Mya-Rose Craig is making waves across the nation with her campaign to improve representation in the wildlife and environmental sectors.
“I find it incredibly unfair that there were massive groups of people that were not getting opportunities that I had,” says the 17-year-old nature lover and ornithologist, speaking to Bristol24/7 after school in Moondance café near her Compton Martin home.
Wearing a woolly jumper and jeans, rucksack by her side, the teenager who counts TV personality Chris Packham and Bristol deputy mayor Asher Craig among her mentors, is relaxed as she sips a hot chocolate and catches up with her mum, Helena.
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Just a few weeks prior to the interview, Mya-Rose hosted a national conference in Bristol, mobilising support from some of the country’s biggest environmental and wildlife organisations in her bid to make nature more accessible for all and overcome barriers facing visible minority ethnic (VME) people.
It has since been announced that she is to be awarded an honorary doctorate of science from the University of Bristol for her dedication to nature and work around inclusion – making her the youngest Briton ever to receive such an accolade.
But Mya-Rose is not resting on her laurels. She already has another conference planned for March, in collaboration with Bristol-based conservation charity Wildscreen, as she continues her mission to shake up the status quo and break down barriers, all while studying for her A-levels.
Speaking about how a love of nature sparked her passion to campaign, the teenager says: “I have been going out into nature and bird watching since I was a baby. My family is all really into bird watching so I have had the opportunity to go out – it’s just a very important part of my life.
“It was as I got older that I realised I was the only person going out that looked like me. To be honest, there were not many women but also my mum and I were the only minority ethnic people.”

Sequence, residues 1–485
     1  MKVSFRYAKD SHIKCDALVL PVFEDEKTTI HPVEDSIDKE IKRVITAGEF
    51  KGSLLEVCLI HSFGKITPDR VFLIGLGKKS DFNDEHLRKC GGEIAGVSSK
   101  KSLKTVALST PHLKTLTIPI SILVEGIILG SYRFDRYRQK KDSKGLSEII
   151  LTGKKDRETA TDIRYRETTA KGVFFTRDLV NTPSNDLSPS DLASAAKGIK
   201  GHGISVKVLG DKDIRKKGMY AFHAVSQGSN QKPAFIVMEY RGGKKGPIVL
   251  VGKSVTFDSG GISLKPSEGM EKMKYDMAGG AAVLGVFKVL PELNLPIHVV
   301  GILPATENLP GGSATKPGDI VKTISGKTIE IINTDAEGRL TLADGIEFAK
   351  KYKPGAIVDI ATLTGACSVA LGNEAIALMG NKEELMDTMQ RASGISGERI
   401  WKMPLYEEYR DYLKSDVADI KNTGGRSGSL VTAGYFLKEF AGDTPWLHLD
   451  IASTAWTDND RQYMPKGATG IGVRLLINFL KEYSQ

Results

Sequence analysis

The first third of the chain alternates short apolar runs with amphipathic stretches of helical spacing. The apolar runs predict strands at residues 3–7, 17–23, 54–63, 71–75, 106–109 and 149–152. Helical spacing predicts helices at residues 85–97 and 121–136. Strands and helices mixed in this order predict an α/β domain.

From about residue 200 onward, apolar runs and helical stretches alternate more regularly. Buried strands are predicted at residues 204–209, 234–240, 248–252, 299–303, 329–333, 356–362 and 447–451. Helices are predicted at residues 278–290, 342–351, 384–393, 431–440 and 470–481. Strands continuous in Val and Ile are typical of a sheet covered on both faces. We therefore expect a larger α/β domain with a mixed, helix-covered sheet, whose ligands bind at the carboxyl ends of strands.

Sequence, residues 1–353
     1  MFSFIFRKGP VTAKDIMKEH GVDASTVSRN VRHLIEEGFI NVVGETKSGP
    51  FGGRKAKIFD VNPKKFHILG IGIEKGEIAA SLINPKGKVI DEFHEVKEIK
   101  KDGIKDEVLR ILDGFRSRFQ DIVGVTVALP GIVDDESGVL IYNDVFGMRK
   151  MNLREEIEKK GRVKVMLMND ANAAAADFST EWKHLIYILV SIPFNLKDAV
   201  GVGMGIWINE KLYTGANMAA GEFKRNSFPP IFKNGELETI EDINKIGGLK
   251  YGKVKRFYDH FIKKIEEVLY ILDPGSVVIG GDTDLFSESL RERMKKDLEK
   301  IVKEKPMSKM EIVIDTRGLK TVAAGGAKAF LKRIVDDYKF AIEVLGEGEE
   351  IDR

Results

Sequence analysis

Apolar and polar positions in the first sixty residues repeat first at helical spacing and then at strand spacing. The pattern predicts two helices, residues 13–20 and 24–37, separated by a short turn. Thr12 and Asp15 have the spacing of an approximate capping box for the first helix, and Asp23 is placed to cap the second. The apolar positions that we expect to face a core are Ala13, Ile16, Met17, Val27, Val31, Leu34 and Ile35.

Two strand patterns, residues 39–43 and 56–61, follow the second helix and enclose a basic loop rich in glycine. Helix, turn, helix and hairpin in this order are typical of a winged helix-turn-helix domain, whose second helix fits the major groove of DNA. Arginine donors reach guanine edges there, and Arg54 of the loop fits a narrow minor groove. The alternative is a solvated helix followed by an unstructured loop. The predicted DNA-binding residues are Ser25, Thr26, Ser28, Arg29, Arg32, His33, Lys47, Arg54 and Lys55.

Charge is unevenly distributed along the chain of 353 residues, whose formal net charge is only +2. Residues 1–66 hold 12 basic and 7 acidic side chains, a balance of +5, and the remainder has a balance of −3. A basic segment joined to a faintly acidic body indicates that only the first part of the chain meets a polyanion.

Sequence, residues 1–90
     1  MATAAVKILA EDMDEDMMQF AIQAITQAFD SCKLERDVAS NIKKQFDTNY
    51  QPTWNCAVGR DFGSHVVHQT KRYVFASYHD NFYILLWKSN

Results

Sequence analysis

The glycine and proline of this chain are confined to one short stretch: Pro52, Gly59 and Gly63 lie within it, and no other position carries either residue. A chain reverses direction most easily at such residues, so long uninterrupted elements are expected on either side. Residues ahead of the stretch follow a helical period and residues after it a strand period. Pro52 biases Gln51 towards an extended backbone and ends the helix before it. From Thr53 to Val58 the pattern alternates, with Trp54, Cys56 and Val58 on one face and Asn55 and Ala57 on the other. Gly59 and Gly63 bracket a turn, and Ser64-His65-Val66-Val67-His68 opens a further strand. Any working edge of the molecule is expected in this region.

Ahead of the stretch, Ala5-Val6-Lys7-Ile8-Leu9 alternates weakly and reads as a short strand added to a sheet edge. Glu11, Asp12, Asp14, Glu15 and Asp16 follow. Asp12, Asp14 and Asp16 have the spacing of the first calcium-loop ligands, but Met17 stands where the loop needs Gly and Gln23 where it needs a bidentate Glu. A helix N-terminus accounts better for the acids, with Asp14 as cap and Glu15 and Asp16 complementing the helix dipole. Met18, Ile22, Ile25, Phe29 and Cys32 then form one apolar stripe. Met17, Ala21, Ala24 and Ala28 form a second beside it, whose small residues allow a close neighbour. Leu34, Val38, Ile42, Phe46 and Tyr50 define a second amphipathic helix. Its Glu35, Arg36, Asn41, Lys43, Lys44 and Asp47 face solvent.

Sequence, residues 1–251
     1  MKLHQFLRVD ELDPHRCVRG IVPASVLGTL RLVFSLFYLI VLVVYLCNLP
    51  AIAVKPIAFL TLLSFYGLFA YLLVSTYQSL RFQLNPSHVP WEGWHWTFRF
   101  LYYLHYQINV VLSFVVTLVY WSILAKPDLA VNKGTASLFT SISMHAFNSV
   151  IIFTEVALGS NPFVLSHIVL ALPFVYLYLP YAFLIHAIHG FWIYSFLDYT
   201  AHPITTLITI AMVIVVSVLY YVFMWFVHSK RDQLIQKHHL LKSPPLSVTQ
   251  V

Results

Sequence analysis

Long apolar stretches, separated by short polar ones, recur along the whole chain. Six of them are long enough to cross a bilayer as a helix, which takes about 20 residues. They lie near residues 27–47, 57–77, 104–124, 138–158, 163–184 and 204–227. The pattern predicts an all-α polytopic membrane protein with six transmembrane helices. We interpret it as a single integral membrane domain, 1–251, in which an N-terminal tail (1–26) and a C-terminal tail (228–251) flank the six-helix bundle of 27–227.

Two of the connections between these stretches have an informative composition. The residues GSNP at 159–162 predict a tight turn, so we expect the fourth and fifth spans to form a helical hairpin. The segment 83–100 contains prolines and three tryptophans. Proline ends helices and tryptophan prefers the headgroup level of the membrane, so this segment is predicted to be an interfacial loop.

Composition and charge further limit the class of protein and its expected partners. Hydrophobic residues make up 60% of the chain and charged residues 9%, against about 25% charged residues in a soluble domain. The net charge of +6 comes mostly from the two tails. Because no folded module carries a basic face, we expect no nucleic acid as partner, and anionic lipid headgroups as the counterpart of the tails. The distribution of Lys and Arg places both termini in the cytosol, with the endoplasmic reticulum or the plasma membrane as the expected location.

At the age of 13, Mya-Rose organised her first nature camp with young people from inner city Bristol who would not otherwise have the opportunity to explore and enjoy nature. “I wanted to get out with people my own age who could get into nature,” she explains.
She went on to found Black2Nature at 14, an organisation that works to engage VME people with nature by making it relevant and having positive role models. Mya-Rose continues to run camps and outings for her peers and primary-aged groups, while also lobbying organisations to do more to improve representation and accessibility.
“Grassroots projects are all very good, but we need to see institutional change,” says the teenager, who blogs as Birdgirl.
She wrote to numerous organisations to ask what was being done to improve representation and accessibility to VME communities. Many asked to meet with her, but Mya-Rose couldn’t travel to meetings during schooltime and so the idea for a conference to bring them all to Bristol was born.
The first conference took place in 2016, followed by one in 2019.
“We came away with massive list of barriers and also lots that could be done,” says the campaigner about the most recent conference.
“They had realised it’s a problem, but they had never even gone out and talked to the people they were wanting to reach. People came away and said they felt moved and they really wanted to create this change we were talking about.”
Mya-Rose says she does feel that in general attitudes are changing. “Until a few months ago, I felt like I was shouting at a brick wall,” she tells Bristol24/7. “I’m now finally starting to hear my own ideas repeated back to me in terms of diversity.”
She points out that the environmental sector is the second worse in the country for representation in the UK, and the countryside is often viewed as white and elitist. Mya-Rose says real engagement involves listening to VME people and the barriers they face, as well as making nature relevant and accessible.
The youngest person to see half the world’s birds – that’s 5,369 – Mya-Rose says it is important for her to have access to nature as an escape from the stresses of exams, not to mention trolls she has to face on social media.
Knowing first-hand the health benefits of being outdoors, she wants to share these with others, adding: “As a young person, it’s very easy to feel disenfranchised by the system because it’s not easy to make your voice heard.
“We need environmental organisations not to just stay in their bubble because we need everyone to be engaged and that’s why I think diversity is so important.”
Mya-Rose will receive her honorary doctorate on February 20.
Main photo by Ellie Pipe
Read more: Bristol people of the year 2019